Achievement at whose expense? A literature review of test-based grade retention policies in U.S. school

Andrew Prescott Huddleston


The author uses Maxwell’s method of literature reviews for educational research to focus on literature relevant to test-based grade retention policies to make the following argument: although some studies have documented average gains in academic achievement through test-based grade retention, there is increasing evidence that these gains have occurred by limiting the educational opportunities for the most vulnerable of students. The author begins by briefly synthesizing research on high-stakes testing policies and teacher-based retention in general and then examines studies that have evaluated specific test-based retention policies in Chicago, Florida, New York City, Georgia, Texas, Wisconsin, and Louisiana. Drawing on Bourdieu and Passeron’s concept of reproduction in education, the author shows how testing policies have contributed to class selection and exclusion in U.S. schools. Short-term gains produced by test-based retention policies fade over time with students again falling behind but with a larger likelihood of dropping out of school. These unintended consequences are most prevalent among ethnic minority and impoverished students. The author concludes by providing alternatives for ending social promotion that do not include grade retention as well as suggestions for further researching the role such policies play in perpetuating class inequities.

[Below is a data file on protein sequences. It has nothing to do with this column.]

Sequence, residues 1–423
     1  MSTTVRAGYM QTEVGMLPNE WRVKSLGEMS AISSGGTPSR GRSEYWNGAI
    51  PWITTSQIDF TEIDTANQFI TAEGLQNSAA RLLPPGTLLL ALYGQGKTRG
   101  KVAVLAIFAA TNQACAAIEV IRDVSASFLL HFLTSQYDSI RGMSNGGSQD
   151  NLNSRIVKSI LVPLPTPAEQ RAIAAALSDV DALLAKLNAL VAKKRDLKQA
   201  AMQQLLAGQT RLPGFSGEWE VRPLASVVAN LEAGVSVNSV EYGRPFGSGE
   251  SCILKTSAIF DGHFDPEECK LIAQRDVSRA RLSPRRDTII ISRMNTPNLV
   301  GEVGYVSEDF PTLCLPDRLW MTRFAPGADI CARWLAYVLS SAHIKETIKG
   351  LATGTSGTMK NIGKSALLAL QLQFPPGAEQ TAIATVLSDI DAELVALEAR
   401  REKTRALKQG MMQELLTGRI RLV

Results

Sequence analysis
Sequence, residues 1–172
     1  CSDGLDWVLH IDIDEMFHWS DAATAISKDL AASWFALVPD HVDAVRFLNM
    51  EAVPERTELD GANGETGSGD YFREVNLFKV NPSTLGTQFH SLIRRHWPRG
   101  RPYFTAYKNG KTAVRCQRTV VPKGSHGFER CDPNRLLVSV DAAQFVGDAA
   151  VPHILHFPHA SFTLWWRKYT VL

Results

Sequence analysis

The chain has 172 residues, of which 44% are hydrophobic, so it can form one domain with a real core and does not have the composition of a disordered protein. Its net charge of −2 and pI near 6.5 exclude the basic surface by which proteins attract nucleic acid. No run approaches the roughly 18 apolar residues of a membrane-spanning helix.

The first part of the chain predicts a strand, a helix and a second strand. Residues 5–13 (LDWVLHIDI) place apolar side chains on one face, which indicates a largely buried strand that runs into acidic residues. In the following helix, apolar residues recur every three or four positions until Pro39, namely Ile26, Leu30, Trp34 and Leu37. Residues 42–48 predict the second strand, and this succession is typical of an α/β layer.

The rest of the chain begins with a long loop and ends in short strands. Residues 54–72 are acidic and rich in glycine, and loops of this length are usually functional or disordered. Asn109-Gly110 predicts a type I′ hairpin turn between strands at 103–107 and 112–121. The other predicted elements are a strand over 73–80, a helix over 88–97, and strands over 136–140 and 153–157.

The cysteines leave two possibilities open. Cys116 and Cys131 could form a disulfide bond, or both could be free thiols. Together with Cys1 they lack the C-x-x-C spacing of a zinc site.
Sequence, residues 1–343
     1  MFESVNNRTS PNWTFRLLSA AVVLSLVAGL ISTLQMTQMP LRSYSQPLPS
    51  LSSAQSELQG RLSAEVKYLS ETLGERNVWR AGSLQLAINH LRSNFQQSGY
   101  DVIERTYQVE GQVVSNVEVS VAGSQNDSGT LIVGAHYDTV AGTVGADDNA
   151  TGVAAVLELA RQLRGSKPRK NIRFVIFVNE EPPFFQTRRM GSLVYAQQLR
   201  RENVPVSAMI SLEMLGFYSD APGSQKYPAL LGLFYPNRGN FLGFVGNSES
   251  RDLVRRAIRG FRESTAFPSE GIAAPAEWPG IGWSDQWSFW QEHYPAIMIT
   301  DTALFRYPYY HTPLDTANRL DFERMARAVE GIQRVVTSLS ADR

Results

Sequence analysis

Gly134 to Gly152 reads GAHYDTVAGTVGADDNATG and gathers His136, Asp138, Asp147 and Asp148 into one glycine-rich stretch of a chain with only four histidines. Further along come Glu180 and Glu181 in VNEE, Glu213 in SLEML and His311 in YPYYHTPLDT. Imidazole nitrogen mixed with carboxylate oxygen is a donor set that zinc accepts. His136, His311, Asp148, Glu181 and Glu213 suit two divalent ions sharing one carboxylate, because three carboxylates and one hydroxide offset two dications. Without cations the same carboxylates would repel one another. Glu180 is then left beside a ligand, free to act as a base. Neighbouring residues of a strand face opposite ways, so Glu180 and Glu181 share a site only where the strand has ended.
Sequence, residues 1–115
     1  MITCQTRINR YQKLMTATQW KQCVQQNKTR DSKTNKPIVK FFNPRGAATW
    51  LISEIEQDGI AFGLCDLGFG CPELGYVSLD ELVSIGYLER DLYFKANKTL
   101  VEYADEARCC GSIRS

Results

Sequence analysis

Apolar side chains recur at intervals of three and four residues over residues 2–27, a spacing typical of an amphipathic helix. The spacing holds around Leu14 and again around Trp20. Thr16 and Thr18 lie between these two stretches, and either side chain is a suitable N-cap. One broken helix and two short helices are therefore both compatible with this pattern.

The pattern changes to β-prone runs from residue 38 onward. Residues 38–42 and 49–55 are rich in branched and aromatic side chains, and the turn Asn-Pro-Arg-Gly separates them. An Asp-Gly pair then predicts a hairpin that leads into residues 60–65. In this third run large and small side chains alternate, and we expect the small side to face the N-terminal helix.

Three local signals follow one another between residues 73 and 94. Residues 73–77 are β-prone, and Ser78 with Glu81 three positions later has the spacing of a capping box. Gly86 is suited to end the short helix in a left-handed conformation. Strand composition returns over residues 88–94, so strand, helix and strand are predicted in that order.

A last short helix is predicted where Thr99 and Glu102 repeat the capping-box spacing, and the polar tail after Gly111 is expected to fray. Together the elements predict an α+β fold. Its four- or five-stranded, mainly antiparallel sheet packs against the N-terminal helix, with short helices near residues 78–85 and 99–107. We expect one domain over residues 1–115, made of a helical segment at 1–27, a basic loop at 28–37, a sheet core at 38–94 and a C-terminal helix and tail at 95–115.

grade repetition; high-stakes testing; literacy; social promotion; test-based grade retention

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Copyright (c) 2019 Andrew Prescott Huddleston


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